All in all, I'm a fan of the New York State Earth Science Regents course and of the accompanying Earth Science Regents exam. New York state enrolls more students in high school level Earth Science than any other state, and confronting the common exam has helped to build a community of practice among New York State Earth Science teachers that is the envy of Earth Science teachers in other states. I especially like the emphasis on building and assessing representational competence–the ability to understand and make inferences from diagrams, maps, profiles, block diagrams, graphs and other visual representations.
However, I have to say that the most recent Earth Science Regents exam (August 20ll) had two really terrible diagrams, so bad that I think they are more likely to sow confusion than illuminate earth processes.
Here is the first one:
When I teach spatial thinking workshops, or interpret diagrams myself, or teach my own students how to interpret diagrams, one of the strongest strategies I know of is to ask what the vantage point or point of view is for the diagram. Is it a map? Is it a profile? Is it a view looking skyward from Earth, and if so in which direction? Is it a view from space, and if so from where? This orienting strategy puts the viewer into position to perceive and interpret the shape of objects and the configurational relationships between objects.
However, this strategy fails here, because this diagram has two separate points of view in the same diagram. The point of view for the Earth and the moon's orbit is from outer space, looking down along a line perpendicular to the plane of the ecliptic, from above the Earth's northern hemisphere. The sun is to the viewer's right. But the point of view for each of the small moons is the view from the Earth, looking towards that moon. The diagram explicitly states that it is "Not draw to scale", but there is no clue in the diagram that the viewing direction as well as the scale varies from place to place within the diagram.
This arrangement breaks faith between the diagram creator and the diagram viewer. Communication via visual representations depends on a set of representational conventions, which are mostly unspoken (at least in most science classes.) One of these is that an individual science diagram can be expected to have one vantage point–except in specific cases where an unusual and conspicuous device, such as an inset, telegraphs a change in vantage point. Sorting out this view direction aberration requires that the viewer already has a sophisticated understanding of spatial relationships of the Sun/Earth/moon system, and thus this diagram is deeply unsuitable for communicating with novices.
Here is the second problematic diagram:
The problem that I see with this diagram ties back to our earlier discussion of "concept-driven visualizations." In that earlier blog post, I made the point that the designer of a concept-driven visualization typically has to choose a single configuration of the Earth system to portray in the diagram–even though the dynamic earth system often has a myriad of configurations and variations. Students tend to remember the specific configuration illustrated, and overgeneralize the normality of that situation.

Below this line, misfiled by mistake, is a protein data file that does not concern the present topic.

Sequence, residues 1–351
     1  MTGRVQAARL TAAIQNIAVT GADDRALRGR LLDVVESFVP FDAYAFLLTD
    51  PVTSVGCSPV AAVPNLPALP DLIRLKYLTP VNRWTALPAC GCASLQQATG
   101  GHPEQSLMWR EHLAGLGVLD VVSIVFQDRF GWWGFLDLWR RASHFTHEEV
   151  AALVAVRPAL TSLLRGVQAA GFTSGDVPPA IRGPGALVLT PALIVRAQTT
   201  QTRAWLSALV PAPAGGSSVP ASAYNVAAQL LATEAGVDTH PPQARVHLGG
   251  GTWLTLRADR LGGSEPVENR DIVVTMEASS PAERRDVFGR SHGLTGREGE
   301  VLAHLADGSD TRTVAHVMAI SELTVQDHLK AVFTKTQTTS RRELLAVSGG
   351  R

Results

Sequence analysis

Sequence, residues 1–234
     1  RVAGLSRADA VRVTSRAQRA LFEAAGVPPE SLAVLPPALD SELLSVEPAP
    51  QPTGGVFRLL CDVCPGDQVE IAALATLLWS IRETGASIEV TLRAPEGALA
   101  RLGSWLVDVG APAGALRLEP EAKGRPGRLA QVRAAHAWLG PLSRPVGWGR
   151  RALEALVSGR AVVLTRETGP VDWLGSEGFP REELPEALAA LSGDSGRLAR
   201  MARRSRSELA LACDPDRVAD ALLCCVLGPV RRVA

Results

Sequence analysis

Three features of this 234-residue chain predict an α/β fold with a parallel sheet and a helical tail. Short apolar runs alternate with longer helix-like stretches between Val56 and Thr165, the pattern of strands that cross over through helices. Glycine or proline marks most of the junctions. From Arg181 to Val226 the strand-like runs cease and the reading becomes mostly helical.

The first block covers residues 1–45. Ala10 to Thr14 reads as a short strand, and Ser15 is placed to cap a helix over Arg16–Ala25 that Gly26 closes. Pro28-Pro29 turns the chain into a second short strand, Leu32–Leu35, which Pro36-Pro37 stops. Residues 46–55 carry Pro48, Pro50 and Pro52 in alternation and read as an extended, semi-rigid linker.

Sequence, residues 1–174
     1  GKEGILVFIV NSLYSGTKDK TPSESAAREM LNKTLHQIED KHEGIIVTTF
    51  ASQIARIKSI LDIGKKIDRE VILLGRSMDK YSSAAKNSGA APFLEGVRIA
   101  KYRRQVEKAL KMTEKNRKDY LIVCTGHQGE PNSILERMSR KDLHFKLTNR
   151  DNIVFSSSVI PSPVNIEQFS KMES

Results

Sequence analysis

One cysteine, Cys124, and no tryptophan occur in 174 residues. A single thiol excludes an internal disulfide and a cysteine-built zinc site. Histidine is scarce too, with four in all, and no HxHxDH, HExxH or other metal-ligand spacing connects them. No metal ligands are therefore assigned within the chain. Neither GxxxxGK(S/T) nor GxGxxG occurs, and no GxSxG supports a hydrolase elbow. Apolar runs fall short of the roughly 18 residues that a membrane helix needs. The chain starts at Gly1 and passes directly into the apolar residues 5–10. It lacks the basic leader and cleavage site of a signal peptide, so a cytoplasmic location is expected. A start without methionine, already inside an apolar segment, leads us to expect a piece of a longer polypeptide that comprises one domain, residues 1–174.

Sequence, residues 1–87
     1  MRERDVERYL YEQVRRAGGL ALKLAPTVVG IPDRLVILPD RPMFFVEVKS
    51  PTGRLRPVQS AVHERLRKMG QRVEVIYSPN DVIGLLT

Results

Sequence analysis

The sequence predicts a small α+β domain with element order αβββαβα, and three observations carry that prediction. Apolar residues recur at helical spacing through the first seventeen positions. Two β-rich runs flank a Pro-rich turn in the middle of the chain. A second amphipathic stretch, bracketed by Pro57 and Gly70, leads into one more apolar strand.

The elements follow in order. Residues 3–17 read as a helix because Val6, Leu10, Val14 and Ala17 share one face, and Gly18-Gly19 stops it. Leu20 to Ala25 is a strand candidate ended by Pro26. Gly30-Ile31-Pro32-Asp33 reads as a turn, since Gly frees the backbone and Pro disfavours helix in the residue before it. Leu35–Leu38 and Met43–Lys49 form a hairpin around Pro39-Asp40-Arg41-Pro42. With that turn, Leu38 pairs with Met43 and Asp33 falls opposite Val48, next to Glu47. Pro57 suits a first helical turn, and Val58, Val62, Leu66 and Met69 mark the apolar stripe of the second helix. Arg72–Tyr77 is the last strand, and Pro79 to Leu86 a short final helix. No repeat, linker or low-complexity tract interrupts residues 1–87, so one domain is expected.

In this particular diagram, the specific configuration chosen depicts a misconception: the high tide on the right side of the diagram appears to be water which has been pulled towards the moon, which is fine, but the high tide on the left side of the diagram appears to be water which has been pulled towards the sun, which is a problem. Although it is true that there is a tidal bulge underneath the sun, it is of small magnitude relative to the moon's tidal bulge. The tidal bulge on the opposite side of the Earth from the moon is caused by the inertial force of the earth revolving around the center of mass of the Earth/moon system, as explained pretty well in this NOVA interactive. The cause of the tidal bulge opposite the moon is hard to explain and hard for students to grasp, making the alternative conception offered by this diagram–that one bulge is caused by the moon and one bulge by the sun–just that much more attractive.
The best use I can think of for these diagrams is to have students critique them. Identifying and articulating what makes these diagrams sub-optimal could strengthen students' understanding of how diagrams work, an important science process skill sometimes dignified with the term "metarepresentational competence."
I have been scrutinizing Earth Science Regents exam items for a project called "Professional Development to Improve the Spatial Thinking of Earth Science Teachers and Students." Linda Pistolesi, Mike Passow and I are analyzing the last four years of exams (12 exams) for spatial concepts, spatial representations, and spatial skills. Preliminary results are in our November 2011 GSA talk: "Spatial Thinking in the New York State Earth Science Regents Exam."
Excellent points about the diagrams. I've seen the first one in other contexts and it drives me crazy (nice teaching opp, though).
I browsed the test and saw many good high level questions. But I also saw questions like "What's the eccentricity of the moon's orbit?" How can Regents justify such a question? Siri just answered it for me in under 2 s. Why would kids need to memorize such facts?
Thanks again for the thought-provoking blog. ~Scott Linneman
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Thanks for the clarification. That makes a lot of sense. I agree that map and graph reading promotes critical thinking. Does NY produce more geoscientists per capita than other states with lesser K-12 programs?
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